National Game and Puzzle Week is celebrated from November 21st thru the 27th and National Puzzle Day is January 29th. It’s a time to discover all types of “Arithmetricks" in the classroom by playing games and puzzles in mathematics that stimulate analytical thinking and challenge kids’ problem-solving skills. Below are a few ideas to try.
Give mathematics a creative touch by using your senses to experience “hands-on" number fun. We are all familiar with giving a child a “feel for numbers" by allowing them to draw numerals inside a jellyroll pan with sand, cornmeal, or sugar. Another fun adventure is to give the child a piece of refrigerator cookie dough and instructing them to roll the dough into a long rope and shaping this into a number. After several students have made their numbers, bake the shapes and enjoy as a snack.
My favorite classroom make and eat project is edible flash cards. Each student will need three graham crackers (whole ones) and a tube of icing (this can be shared with the other kids). Instruct the children to break each cracker along the lines into four sections. With the icing, write numbers 1-10. You will also need a + and = symbols. Encourage the kids to create simple addition problems using their cracker cards. When the math session is finished, invite everyone to gobble up his or her flash cards as a snack.
Kids love to play games and often do not realize they are learning skills when having fun. For this game place a bowl of O-shaped cereal in the center of the table with small groups of children. The object of this game is to roll a die and to be the first child to accumulate 10 pieces of cereal. Players take turns rolling the die and taking that many pieces of cereal from the bowl. When the player nears 10 pieces in his pile and on his next roll goes over the 10 in his pile, he must place all the O’s back in the bowl and begin again. If a student rolls the right numbers to collect exactly 10, he wins. Play this game until the kids get tired. At this point let them eat their cereal and on to some other fun!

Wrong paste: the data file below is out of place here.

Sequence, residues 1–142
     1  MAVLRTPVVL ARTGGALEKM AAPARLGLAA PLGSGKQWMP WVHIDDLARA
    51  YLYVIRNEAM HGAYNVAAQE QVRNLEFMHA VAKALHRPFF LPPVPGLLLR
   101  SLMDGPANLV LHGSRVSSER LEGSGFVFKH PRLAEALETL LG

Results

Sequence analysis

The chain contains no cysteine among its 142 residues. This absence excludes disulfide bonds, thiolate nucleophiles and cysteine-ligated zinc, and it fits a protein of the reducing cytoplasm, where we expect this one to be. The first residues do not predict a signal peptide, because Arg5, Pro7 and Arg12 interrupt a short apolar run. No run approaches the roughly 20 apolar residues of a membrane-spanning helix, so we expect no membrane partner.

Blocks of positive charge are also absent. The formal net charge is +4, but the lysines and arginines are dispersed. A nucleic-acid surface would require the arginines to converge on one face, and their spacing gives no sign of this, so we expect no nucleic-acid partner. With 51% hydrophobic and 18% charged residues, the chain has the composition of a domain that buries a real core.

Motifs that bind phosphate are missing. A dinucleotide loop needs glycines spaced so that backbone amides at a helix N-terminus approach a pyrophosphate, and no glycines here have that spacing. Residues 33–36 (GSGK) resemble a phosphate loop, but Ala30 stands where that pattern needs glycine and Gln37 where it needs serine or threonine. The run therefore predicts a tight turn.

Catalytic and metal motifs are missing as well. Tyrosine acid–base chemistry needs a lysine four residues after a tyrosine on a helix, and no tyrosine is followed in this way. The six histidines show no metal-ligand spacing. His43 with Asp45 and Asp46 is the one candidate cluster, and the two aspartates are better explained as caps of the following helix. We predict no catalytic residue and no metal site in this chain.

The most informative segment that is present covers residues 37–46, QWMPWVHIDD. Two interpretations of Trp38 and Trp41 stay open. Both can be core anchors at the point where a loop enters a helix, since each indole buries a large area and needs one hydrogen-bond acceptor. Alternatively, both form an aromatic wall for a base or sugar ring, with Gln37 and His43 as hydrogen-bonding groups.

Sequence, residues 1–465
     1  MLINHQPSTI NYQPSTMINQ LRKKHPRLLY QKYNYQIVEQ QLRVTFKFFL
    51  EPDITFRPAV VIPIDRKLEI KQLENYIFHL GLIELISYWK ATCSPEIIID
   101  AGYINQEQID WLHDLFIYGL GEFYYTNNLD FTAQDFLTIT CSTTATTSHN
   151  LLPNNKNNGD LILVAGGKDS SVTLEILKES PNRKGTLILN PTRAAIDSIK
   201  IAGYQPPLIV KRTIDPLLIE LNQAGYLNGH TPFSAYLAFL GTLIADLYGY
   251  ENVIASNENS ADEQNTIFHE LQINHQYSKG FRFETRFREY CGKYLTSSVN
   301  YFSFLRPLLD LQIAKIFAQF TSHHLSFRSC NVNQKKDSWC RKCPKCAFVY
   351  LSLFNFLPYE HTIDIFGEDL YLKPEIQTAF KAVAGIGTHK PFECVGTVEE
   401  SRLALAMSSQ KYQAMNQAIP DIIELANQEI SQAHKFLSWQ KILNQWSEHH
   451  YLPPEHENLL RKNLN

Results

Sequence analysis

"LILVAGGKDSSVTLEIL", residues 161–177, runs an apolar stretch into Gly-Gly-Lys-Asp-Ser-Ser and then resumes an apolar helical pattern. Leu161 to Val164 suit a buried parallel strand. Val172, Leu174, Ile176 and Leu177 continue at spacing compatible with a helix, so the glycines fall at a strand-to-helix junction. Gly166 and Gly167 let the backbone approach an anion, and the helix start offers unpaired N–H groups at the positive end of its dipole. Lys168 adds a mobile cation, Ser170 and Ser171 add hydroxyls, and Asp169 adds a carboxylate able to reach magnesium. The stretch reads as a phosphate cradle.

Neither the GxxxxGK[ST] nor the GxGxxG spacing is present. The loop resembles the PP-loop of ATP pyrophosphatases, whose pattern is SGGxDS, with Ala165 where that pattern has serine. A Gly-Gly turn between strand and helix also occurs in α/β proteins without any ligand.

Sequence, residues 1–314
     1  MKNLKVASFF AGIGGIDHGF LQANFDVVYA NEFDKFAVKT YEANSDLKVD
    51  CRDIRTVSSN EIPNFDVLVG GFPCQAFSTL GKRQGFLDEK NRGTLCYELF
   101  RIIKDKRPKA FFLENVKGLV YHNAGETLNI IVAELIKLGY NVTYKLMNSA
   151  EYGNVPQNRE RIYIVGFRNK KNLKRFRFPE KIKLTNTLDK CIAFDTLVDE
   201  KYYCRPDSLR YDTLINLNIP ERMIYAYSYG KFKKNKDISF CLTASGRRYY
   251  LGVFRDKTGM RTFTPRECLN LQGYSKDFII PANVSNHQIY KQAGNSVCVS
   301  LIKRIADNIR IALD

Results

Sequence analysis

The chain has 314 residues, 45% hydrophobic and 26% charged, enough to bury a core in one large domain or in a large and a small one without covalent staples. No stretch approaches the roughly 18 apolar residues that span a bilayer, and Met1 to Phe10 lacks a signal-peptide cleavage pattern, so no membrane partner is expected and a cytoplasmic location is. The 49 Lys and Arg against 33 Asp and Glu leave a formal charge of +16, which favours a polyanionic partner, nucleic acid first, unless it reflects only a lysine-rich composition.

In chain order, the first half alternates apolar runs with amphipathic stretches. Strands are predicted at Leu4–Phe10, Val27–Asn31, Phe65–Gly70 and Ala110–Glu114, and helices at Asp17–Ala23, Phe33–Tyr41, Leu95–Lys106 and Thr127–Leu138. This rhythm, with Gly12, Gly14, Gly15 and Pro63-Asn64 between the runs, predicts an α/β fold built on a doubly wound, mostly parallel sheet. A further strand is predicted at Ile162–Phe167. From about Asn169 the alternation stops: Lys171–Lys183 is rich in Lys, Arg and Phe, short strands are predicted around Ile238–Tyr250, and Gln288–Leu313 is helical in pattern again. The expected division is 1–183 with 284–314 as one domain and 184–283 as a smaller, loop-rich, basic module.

Another option for younger children is to roll the die and collect the O-shaped cereal until the bowl is empty. Then invite your students to thread the cereal onto a length of yarn to make cereal necklaces and eat the pieces at their leisure.
Let your kids have fun creating and playing with homemade puzzles. Give everyone a half sheet of construction paper. Instruct them to draw four squiggly lines with a crayon/marker. Next, have the kids use a shape (circle, square, triangle, etc.) and draw a number of them on each puzzle piece. The pieces can be turned over and mark a different shape on this side to make an additional puzzle. When it’s time to play, each child can put their puzzle pieces together and add up the total number of shapes on each puzzle. Store all the pieces in zipper-lock bags.
Another puzzle uses wooden craft sticks. Find a picture in a magazine (about half page will do). Spread glue on the opposite side and lay down craft sticks. When dry, carefully cut between each of the craft sticks. Mix up the sticks and invite the children to put each puzzle together again.
Graph That Name
Make a Bar Graph that plots the number of letters in a child’s name. Take a poster board and draw lines to make columns from 1-10 and a larger column to write the child’s name. Go around the class and plot (add an adhesive sticker) to the numeral that matches how many letters in the student’s first name. When finished pose some questions such as, who has the longest or shortest name? How many classmates have names with six letters or five, or three, etc?
These are only a few of the many games and puzzles in mathematics that can be played during this special week in November. Here are other ideas from Bright Hub Education.
Personal experience as an early childhood teacher
Copycat Magazine, Arithmetricks, Nov/Dec 1999
Number graphic courtesy of pixabay.com, creative commons
Other photos courtesy of Tania Cowling, all rights reserved